Indoor Tanning Is Not Safe
Using a tanning bed, booth, or sunlamp to get tan is called indoor tanning. Indoor tanning can cause skin cancers including melanoma (the deadliest type of skin cancer), basal cell carcinoma, and squamous cell carcinoma. Exposure to ultraviolet (UV) radiation also can cause cataracts and cancers of the eye (ocular melanoma).
Indoor tanning exposes users to two types of UV rays, UVA and UVB, which damage the skin and can lead to cancer. Indoor tanning is particularly dangerous for younger users; people who begin indoor tanning during adolescence or early adulthood have a higher risk of getting melanoma. This may be due to greater use of indoor tanning among those who begin tanning at earlier ages.
Every time you tan you increase your risk of getting skin cancer, including melanoma. Indoor tanning also—
- Causes premature skin aging, like wrinkles and age spots.
- Changes your skin texture.
- Increases the risk of potentially blinding eye diseases, if eye protection is not used.
Tanning indoors is not safer than tanning in the sun.
Indoor tanning and tanning outside are both dangerous. Although indoor tanning devices operate on a timer, the exposure to UV rays can vary based on the age and type of light bulbs. Indoor tanning is designed to give you high levels of UV radiation in a short time. You can get a burn from tanning indoors, and even a tan indicates damage to your skin.
A base tan is not a safe tan.
A tan is the body’s response to injury from UV rays. A base tan does little to protect you from future damage to your skin caused by UV exposure. In fact, people who indoor tan are more likely to report getting sunburned.
The best way to protect your skin from the sun is by using these tips for skin cancer prevention.
Indoor tanning is not a safe way to get vitamin D.
Although it is important to get enough vitamin D, the safest way to do so is through what you eat. Tanning harms your skin, and the amount of UV exposure you need to get enough vitamin D is hard to measure because it is different for every person and also varies with the weather, latitude, altitude, and more.
Studies have shown consistently that indoor tanning increases a person’s risk of getting skin cancer, including melanoma.
- A meta-analysis (a research study that looks at data from other studies) by Boniol and colleagues in 2012 combined findings from studies conducted in Europe, Australia, and the United States. The meta-analysis shows a link between indoor tanning and melanoma.
- Another meta-analysis published in 2014 by Colantonio and colleagues reconfirmed the association between indoor tanning and melanoma, and also found that newer tanning beds were not safer than older models.
- A 2014 study by Wehner and colleagues estimated that more than 400,000 cases of skin cancer may be related to indoor tanning in the United States each year—causing 245,000 basal cell carcinomas, 168,000 squamous cell carcinomas, and 6,000 melanomas.
- A 2010 study by Lazovich and colleagues in the United States found that the risk of getting melanoma increased the more years, hours, or sessions spent indoor tanning.
According to the data from the 2013 Youth Risk Behavior Surveillance System, many teens are indoor tanning, including—
- 13% of all high school students.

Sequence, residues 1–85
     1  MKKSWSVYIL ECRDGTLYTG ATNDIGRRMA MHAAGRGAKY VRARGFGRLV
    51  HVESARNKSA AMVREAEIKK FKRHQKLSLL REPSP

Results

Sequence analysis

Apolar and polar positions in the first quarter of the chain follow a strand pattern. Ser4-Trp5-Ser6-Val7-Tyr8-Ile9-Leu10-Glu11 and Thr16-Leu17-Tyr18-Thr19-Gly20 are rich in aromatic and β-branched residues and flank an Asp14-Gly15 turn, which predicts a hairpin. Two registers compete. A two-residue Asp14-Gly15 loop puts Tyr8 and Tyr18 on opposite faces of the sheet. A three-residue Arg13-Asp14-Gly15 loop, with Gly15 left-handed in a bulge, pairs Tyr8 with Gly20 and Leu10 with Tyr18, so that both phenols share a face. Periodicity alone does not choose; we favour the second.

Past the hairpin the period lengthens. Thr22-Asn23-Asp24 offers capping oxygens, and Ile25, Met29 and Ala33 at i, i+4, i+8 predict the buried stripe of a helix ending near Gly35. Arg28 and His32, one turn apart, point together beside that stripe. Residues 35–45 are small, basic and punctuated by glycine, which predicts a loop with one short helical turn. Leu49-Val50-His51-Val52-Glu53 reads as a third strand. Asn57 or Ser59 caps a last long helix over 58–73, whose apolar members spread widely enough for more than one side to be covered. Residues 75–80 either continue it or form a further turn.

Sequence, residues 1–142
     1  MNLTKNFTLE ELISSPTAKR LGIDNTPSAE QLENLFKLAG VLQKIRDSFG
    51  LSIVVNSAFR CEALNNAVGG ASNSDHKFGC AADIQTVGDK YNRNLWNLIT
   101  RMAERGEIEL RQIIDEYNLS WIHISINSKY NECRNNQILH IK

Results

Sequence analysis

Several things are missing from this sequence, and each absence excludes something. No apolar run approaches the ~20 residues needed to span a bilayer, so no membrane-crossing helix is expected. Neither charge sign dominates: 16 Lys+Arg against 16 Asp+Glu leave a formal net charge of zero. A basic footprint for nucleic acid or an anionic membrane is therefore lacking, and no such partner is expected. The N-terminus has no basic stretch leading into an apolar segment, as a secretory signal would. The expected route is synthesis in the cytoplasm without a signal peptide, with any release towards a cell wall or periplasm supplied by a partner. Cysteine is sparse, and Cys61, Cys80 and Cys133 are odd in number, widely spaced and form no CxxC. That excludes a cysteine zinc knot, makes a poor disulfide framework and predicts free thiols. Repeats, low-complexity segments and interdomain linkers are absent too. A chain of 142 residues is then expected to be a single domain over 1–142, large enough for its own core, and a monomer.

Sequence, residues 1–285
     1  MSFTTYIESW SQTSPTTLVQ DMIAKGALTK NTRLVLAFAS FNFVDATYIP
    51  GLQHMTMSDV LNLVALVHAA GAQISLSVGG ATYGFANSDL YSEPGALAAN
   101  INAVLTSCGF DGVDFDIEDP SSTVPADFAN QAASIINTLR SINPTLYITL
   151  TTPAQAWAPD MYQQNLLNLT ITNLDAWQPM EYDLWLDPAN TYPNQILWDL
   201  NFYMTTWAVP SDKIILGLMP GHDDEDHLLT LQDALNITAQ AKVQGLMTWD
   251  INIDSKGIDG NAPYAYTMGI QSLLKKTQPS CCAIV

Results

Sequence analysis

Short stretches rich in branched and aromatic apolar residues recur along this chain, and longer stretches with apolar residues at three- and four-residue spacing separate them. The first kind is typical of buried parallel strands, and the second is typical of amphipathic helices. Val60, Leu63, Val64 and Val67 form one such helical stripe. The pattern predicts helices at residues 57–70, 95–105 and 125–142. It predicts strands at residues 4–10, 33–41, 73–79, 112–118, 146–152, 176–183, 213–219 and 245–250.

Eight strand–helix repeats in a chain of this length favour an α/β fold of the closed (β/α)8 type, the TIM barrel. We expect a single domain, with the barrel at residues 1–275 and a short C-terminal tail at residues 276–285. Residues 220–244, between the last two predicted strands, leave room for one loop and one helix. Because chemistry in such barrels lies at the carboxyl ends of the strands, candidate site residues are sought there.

- 20% of high school girls.
- 27% of girls in the 12th grade.
- 31% of white high school girls.
According to the 2010 National Health Interview Survey, indoor tanners tended to be young, non-Hispanic white (NHW) women. A closer look at the data showed the following rates of indoor tanning among NHW women—
- 32% of those aged 18 to 21 years.
- 30% of those aged 22 to 25 years.
- 22% of those aged 26 to 29 years.
- 17% of those aged 30 to 34 years.
- Reduce the proportion of adolescents in grades 9 through 12 who report indoor tanning to 14.0%.
- Reduce the proportion of adults aged 18 years and older who report indoor tanning to 3.6%.
Indoor tanning is restricted in some areas, especially for minors.
California, Delaware, Hawaii, Illinois, Louisiana, Minnesota, Nevada, New Hampshire, North Carolina, Oregon,* Texas, Vermont, Washington,* and some cities and counties have banned indoor tanning by minors younger than 18 years. For the latest information, see the National Conference of State Legislatures’ Tanning Restrictions for Minors: A State-by-State Comparison and AIM at Melanoma’s 2014 Indoor Tanning Legislation.
*The state laws in Oregon and Washington contain an exemption which allows people younger than age 18 to tan with a doctor’s prescription.
CDC research shows that states with indoor tanning laws that include age restrictions had lower rates of indoor tanning among minors.
The U.S. Food and Drug Administration has proposed a rule to protect youth from the risks of indoor tanning devices by restricting use by minors younger than 18 years. This proposed rule also would require indoor tanning facilities to inform adult users about the health risks of indoor tanning and to obtain a signed risk acknowledgement from these users. The agency also is proposing a second rule that would require manufacturers and indoor tanning facilities to take more actions to help improve the overall safety of indoor tanning devices to protect adult consumers.
- Brazil and Australia have banned indoor tanning.
- Austria, Belgium, Finland, France, Germany, Iceland, Italy, Norway, Portugal, Spain, and the United Kingdom have banned indoor tanning for people younger than age 18.